Suffolk is a beautiful county in East Anglia, to the North of Essex and to the South of Norfolk. There are many similarities to the neighbouring county of Essex.
Suffolk has some delightful towns on its coastline. Among these are Southwold, famous for its lighthouse and its nine greens; Aldeburgh, where Benjamin Britten and Peter Pears originated the Aldeburgh Festival; Felixstowe, where you can get a ferry across the Stour and Orwell estuaries to Harwich; and Lowestoft, the most Easterly town in England.
The most important town in Suffolk is Ipswich, still a busy port on the River Orwell. Ipswich was the first town to be created by the English, after the departure of the Romans, and has many surviving mediaeval churches.
A part of Suffolk and Essex around the River Stour is universally known as Constable Country. The painter John Constable was born at East Bergholt, and his father owned the mill at nearby Flatford. Dedham church, in the village across the river in Essex where he went to school, is featured in several of Constable’s paintings.
Another great English painter from Suffolk was Thomas Gainsborough, who was born in the attractive market town of Sudbury.
Higher up the Stour is another area of Essex and Suffolk known as Lovejoy Country, after the popular TV series about a roguish antique dealer. Lovejoy Country in Suffolk includes such places as Cavendish, Clare, Lavenham and Long Melford, while over the river in Essex towns and villages involved include Finchingfield, Halstead, Saffron Walden and Thaxted.
The ancient market town of Bury St. Edmunds is now a cathedral city. The remains of the great Abbey are where St. Edmund, the Martyr King of East Anglia, was buried, having rested at the Saxon timber church at Greenstead-juxta-Ongar.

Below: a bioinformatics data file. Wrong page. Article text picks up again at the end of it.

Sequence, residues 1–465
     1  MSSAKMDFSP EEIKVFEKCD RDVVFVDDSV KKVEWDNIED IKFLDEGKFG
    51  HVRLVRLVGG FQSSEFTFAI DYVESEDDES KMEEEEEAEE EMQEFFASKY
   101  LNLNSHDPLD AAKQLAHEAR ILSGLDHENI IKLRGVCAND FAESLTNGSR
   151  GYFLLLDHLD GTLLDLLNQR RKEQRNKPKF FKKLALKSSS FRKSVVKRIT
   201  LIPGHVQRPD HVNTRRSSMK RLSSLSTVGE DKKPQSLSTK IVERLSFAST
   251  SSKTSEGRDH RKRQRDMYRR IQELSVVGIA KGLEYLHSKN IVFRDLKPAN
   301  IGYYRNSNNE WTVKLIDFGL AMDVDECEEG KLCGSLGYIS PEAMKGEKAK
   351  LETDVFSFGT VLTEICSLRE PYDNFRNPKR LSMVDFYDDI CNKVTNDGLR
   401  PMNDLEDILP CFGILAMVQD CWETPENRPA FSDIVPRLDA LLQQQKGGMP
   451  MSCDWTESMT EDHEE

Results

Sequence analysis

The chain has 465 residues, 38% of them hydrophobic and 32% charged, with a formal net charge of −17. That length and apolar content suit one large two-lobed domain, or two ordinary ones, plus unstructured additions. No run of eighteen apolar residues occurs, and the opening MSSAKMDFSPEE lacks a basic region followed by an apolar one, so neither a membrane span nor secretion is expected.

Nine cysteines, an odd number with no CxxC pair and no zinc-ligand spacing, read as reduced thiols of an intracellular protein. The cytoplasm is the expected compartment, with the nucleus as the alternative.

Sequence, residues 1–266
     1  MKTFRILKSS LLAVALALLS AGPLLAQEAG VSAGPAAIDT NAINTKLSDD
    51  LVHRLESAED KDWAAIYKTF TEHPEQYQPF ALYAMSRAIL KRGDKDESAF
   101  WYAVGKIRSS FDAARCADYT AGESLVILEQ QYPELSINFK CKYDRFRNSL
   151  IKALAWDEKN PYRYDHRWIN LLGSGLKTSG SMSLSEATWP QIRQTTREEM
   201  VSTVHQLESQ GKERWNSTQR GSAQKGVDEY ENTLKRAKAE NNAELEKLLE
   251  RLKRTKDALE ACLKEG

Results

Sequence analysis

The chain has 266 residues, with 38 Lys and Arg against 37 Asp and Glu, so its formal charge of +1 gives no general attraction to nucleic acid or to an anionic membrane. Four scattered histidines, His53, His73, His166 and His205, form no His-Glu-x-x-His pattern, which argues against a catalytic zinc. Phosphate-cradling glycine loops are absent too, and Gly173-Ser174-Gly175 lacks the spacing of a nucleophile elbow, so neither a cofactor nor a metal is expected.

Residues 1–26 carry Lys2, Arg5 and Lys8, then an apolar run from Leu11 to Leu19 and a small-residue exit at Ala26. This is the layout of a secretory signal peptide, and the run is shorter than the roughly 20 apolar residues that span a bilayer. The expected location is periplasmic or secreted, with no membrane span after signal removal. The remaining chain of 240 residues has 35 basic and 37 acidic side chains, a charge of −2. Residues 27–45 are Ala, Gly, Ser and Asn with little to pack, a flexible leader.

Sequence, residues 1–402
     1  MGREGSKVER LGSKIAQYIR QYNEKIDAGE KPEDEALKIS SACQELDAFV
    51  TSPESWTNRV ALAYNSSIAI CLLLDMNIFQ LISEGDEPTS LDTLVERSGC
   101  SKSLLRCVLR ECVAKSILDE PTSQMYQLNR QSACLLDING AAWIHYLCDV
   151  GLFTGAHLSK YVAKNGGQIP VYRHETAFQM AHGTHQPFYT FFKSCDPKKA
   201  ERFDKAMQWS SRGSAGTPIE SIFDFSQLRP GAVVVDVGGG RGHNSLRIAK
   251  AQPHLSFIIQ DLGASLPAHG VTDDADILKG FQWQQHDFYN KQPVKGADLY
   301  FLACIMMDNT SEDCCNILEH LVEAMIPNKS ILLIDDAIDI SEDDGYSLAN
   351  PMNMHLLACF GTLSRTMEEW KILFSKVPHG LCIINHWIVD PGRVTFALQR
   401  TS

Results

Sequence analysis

Other attractive towns and villages in the county include Framlingham, Hadleigh, Kersey, Saxstead Green, Stoke-by-Clare, Stoke-by-Nayland and Yoxford.
Visitors to England often ask where they can see a perfect mediaeval English town. A good answer would be that if a stone town is required, then Stamford in Lincolnshire must be the answer, but if the visitor requires timber-framed houses, it has to be Lavenham.
Just outside the attractive market town of Woodbridge is Sutton Hoo, where the sumptuous Anglo-Saxon burial, probably of the powerful King Redwald, was discovered.
A little to the south of Southwold is the site of Dunwich. This is the ancient city which was lost to the sea, and which only remains today as the tiniest of villages. Local legend insists that at times the bells of the submerged churches can be heard ringing as they did in centuries gone by.
Suffolk is a very beautiful county indeed. Indeed, Suffolk and Essex must be the England you always knew must still exist somewhere, but didn’t know where. It’s here.